Walking back to the van it became clear that the hotel was not offering spa treatments to the aching anymore but was now occupied by refugees – officially or not was unclear. Not only was laundry hanging over the balconies but bedding, bicycles, household implements – everything too valuable to leave lying around outside. Sad to say, being the only van there and, on the one hand, having lone men wandering around the muddy parking area clad only in their budgie snugglers, and on the other having groups of people hanging around with nothing to do, it did not feel totally comfortable as an overnight stopover. The lone men were lorry drivers stopping at the side of the road for a dip the same as us, the weary families just waiting for something better to happen in their lives. Feeling guilty at our probably unfair assumptions, but relieved at the same time, we made the decision to travel on a few miles to a nearby campsite.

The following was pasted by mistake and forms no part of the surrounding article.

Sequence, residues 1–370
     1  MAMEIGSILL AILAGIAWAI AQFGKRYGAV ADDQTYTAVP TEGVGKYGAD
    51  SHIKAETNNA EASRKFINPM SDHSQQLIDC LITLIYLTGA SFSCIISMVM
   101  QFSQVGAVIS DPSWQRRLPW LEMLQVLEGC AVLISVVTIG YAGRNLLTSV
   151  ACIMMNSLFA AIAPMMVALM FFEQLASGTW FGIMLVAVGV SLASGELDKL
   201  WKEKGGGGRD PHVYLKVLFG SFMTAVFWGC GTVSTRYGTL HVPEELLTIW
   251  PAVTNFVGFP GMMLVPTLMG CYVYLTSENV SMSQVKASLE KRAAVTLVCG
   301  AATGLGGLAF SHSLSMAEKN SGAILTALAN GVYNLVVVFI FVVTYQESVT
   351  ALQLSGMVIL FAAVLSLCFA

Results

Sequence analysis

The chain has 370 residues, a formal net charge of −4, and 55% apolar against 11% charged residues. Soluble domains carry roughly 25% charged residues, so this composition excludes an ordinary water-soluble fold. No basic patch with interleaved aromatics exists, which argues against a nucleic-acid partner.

Before that we paid homage at the magnificent monument to Leonidis erected on the very site of the battle, opposite the mound where the 297 heroes who died alongside him were buried.
The pass itself is no longer the obstacle to invasion it once was – formerly a narrow strip of land, a scant one hundred metres wide between mountain and sea, there are now four flat kilometres of farmland before you get to the sea. Geomorphology seems to have decided to make it easier for any future invaders and spare the Spartans another heroic but doomed stand.
Camping Venezuela is on the road that runs beside the beach, but the cool drizzly weather did not show it in its best light.